Difficulty Level: Novice | Time Required: 5 minutes | Tools Required: Tread-depth gauge or penny, Tire pressure gauge | Related Parts, Products, Services or Technology: None
Tire Pressure Monitoring System (TPMS)
The TPMS system† measures tire pressure and alerts the driver if one or more tires is 25 percent below the recommended cold-inflation pressure. If the system detects low pressure in one or more tires, the Tire Pressure Monitor light will come on, stay solid and — depending on the model — include a Check Tire Pressure, Low Tire Pressure or Add Air to Tire message.
When this happens:
1. Check and adjust all tires to the recommended pressure levels.
2. Drive the vehicle to turn the light off.
Note: If the Tire Pressure Monitor light appears as a blinking yellow lamp for more than one minute and stays solid, then diagnostic service is needed. If your vehicle’s TPMS is not functioning properly, it cannot detect or signal a low-tire condition.
Monitoring Tire Pressure (Manually)
It’s important to keep your tires within recommended pressure specifications. Underinflated tires handle poorly, wear prematurely and irregularly, and reduce fuel economy. Overinflated tires don’t grip the road well and lead to a rough ride. And both under- and overinflated tires overheat more easily, risking a blowout.
To monitor pressure:
1. Find the recommended pressure (located in the Owner’s Manual and on your vehicle’s driver’s side door frame).
2. Using a pressure gauge, check tire pressure at least once a month when the tires are cold (meaning that the vehicle has not been driven for at least 3 hours or no more than 1 mile).
3. Adjust tire pressure as necessary.
Monitoring Tire Wear
The National Highway Safety Traffic Administration recommends replacing tires when the tread depth is 2/32 of an inch or less.† There are two easy ways to measure tread depth:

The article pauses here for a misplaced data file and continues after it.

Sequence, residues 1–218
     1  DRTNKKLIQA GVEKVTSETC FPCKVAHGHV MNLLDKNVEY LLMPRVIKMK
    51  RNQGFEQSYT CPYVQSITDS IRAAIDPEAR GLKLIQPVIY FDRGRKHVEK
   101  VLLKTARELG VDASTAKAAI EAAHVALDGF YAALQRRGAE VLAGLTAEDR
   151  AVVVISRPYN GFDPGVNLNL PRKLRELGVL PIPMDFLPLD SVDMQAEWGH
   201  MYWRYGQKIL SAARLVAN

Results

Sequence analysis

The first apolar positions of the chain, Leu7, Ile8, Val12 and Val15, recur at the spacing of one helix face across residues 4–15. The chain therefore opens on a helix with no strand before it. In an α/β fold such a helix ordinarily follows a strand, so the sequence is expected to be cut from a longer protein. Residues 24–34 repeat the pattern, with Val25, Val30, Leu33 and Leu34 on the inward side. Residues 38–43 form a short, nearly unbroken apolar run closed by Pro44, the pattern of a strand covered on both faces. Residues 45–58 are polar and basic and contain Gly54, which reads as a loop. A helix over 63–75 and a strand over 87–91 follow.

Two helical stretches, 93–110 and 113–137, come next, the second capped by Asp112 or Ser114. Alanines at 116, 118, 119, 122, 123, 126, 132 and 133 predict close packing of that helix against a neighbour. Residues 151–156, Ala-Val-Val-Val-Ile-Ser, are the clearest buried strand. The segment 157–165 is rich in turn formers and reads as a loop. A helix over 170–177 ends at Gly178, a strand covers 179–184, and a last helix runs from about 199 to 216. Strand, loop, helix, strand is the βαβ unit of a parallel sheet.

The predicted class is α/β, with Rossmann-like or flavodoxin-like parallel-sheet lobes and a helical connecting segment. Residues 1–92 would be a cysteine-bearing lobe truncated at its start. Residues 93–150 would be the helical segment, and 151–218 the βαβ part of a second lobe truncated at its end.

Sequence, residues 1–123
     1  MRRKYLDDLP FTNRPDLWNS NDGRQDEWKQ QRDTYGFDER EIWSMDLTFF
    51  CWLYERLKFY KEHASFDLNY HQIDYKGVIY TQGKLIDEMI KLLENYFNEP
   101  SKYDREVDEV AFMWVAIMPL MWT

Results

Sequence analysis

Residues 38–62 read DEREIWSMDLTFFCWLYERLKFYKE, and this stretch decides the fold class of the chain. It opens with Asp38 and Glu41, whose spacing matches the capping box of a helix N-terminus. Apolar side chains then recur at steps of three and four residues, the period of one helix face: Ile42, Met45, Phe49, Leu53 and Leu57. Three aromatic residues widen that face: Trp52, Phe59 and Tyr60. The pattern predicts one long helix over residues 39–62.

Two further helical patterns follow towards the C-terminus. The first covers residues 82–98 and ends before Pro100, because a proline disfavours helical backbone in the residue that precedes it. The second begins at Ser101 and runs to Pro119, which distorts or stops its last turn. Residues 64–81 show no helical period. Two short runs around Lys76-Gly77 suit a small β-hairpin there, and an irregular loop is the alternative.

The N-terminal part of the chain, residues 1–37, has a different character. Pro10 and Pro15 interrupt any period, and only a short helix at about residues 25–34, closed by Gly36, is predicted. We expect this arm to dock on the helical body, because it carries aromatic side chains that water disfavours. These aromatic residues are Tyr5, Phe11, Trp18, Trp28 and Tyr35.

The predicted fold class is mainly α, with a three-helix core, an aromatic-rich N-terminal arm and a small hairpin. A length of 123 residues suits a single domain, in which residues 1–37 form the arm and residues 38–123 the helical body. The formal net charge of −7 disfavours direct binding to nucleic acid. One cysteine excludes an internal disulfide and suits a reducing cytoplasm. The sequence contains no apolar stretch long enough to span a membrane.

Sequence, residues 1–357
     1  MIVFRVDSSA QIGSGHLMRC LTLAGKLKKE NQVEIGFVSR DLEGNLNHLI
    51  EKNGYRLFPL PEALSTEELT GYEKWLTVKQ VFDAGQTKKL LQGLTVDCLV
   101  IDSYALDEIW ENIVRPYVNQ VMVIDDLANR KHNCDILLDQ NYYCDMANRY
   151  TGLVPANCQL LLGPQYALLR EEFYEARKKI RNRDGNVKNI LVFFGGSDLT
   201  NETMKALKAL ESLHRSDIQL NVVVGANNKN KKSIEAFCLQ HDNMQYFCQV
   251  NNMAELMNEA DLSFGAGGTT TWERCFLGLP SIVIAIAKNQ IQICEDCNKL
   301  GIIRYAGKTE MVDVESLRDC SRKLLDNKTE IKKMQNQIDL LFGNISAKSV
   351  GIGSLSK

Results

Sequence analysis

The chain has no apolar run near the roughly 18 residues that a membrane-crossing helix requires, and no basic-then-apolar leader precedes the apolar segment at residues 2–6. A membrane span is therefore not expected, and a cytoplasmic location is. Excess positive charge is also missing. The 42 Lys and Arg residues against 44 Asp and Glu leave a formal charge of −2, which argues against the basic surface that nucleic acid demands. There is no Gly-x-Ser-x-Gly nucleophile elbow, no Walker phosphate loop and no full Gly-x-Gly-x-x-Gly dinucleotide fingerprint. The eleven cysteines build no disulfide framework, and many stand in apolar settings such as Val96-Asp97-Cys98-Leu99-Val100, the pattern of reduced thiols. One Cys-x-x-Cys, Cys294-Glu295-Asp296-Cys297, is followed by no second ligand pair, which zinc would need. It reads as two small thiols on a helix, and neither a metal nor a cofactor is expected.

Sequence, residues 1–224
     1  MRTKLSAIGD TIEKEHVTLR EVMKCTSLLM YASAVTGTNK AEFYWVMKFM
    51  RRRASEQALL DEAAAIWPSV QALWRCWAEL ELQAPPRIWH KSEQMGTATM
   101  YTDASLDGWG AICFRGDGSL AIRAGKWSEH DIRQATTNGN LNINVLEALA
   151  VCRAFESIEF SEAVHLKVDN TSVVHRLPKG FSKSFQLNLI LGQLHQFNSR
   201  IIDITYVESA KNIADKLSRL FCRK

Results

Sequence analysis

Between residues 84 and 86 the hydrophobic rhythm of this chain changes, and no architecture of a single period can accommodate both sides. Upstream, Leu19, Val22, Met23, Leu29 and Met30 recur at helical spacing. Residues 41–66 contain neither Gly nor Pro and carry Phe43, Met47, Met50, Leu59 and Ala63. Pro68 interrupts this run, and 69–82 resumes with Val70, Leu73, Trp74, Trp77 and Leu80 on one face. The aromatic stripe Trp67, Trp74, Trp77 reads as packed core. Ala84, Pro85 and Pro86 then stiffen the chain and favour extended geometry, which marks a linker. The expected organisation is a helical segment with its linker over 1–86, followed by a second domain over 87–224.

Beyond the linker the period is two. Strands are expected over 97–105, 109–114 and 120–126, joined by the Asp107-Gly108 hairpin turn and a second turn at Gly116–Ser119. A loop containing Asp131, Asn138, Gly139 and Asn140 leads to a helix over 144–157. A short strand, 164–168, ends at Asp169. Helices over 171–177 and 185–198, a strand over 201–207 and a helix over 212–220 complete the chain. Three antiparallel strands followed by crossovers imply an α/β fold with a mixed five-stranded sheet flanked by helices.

1. Use a tread-depth gauge.
2. Perform the penny test.
a. Place a penny upside down in the tire tread.
b. If you can see the top of Lincoln’s head, the tire-tread depth is less than 2/32 of an inch and the tire should be replaced.
Other warning signs that your tires should be replaced:
- Three or more tread-wear indicators around the tire
- Tire cord or fabric showing through the tire
- Cracked tire tread or sidewall
- A bulge or split in the tire
- A puncture in the tire
Related Links and Resources
As part of a newly revised maintenance schedule, owners of 2011 model year or newer GM vehicles are advised to see their dealer for a tire rotation every 7,500 miles.
Tires age when the vehicle remains parked for extended periods of time. If a vehicle will be stored for a month or more, park it in a cool, dry and clean area away from direct sunlight to slow the aging process. The area should be free of grease, gasoline or other substances that can deteriorate rubber. This also applies to unmounted tires.
Parking for an extended period can also cause flat spots that may result in vibrations while driving. When storing a vehicle for more than a month, remove the tires or raise the vehicle to reduce the weight from the tires.
Proper wheel alignment is key to the life of your tires. If your vehicle is misaligned, it can cause your tires to wear unevenly, and you may experience handling problems such as pulling or abnormal vibration.
Tires and wheels are aligned and balanced at the factory to help provide best overall performance. Adjustments to wheel alignment and tire balancing are not necessary on a regular basis. Consider a wheel alignment check if there is unusual tire wear or if your GMC vehicle is significantly pulling to one side or the other.
A tire that is out of balance often affects ride quality and can shorten the life of tires, bearings, shocks and other suspension components. If the vehicle is vibrating when driving on a smooth road, the tires and wheels may need to be rebalanced.
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